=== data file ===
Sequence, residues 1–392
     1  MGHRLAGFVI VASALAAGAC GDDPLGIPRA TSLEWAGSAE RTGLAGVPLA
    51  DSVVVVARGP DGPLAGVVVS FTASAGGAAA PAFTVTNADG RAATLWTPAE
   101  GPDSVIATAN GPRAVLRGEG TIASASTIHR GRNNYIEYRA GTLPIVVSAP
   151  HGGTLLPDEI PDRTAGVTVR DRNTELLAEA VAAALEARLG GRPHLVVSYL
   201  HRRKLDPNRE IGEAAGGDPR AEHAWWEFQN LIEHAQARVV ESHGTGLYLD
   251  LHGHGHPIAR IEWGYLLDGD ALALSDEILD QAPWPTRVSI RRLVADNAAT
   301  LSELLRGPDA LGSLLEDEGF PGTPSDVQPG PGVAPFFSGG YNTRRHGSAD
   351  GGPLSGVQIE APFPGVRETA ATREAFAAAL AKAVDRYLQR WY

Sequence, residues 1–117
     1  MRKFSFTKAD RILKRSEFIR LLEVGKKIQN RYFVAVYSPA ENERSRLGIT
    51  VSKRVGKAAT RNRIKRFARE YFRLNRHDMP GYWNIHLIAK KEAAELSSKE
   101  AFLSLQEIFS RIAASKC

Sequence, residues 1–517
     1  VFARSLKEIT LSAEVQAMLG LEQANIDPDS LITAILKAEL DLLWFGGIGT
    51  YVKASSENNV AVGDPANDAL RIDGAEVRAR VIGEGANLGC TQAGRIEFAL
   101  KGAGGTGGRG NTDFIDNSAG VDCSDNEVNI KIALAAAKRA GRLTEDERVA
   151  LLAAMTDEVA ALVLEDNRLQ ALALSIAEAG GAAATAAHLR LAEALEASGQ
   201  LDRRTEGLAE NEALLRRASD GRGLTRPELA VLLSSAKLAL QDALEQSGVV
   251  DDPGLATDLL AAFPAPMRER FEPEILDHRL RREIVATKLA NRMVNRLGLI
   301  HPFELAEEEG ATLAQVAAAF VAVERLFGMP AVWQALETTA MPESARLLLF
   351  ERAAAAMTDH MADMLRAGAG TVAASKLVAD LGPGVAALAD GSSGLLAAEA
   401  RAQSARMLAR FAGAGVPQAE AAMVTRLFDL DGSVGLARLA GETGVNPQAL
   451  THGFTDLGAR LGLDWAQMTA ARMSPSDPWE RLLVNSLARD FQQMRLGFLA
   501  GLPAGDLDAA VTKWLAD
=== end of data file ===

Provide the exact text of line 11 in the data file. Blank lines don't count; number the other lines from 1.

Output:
     1  MRKFSFTKAD RILKRSEFIR LLEVGKKIQN RYFVAVYSPA ENERSRLGIT